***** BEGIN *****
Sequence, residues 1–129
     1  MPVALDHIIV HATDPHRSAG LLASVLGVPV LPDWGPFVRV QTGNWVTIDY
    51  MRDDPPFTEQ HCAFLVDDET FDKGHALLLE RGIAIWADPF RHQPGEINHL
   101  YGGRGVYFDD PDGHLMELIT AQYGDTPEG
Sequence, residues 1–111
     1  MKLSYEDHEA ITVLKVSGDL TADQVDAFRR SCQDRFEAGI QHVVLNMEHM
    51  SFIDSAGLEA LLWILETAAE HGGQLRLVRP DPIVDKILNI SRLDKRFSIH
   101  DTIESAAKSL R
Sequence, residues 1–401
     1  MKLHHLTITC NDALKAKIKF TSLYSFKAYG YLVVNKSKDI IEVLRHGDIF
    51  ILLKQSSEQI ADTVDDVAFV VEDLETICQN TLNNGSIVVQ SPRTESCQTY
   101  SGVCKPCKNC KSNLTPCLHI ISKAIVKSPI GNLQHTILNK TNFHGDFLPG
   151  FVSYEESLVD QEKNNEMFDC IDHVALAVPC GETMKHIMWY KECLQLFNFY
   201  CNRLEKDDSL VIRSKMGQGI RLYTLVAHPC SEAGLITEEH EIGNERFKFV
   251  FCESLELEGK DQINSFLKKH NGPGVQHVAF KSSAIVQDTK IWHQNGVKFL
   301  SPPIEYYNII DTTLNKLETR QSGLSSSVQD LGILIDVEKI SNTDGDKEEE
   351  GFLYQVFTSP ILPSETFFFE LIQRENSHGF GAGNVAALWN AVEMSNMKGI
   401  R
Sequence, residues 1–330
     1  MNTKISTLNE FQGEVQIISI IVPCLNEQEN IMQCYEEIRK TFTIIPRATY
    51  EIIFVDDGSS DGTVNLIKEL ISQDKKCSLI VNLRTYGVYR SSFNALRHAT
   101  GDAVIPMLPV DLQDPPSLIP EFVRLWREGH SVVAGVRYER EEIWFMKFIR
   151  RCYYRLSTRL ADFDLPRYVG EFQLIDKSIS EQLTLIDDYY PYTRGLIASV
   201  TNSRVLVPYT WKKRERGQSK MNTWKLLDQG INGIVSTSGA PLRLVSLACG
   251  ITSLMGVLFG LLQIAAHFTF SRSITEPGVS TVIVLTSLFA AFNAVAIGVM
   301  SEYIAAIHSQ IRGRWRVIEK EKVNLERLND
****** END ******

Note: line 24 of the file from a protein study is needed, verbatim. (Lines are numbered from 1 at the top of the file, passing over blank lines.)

   201  TNSRVLVPYT WKKRERGQSK MNTWKLLDQG INGIVSTSGA PLRLVSLACG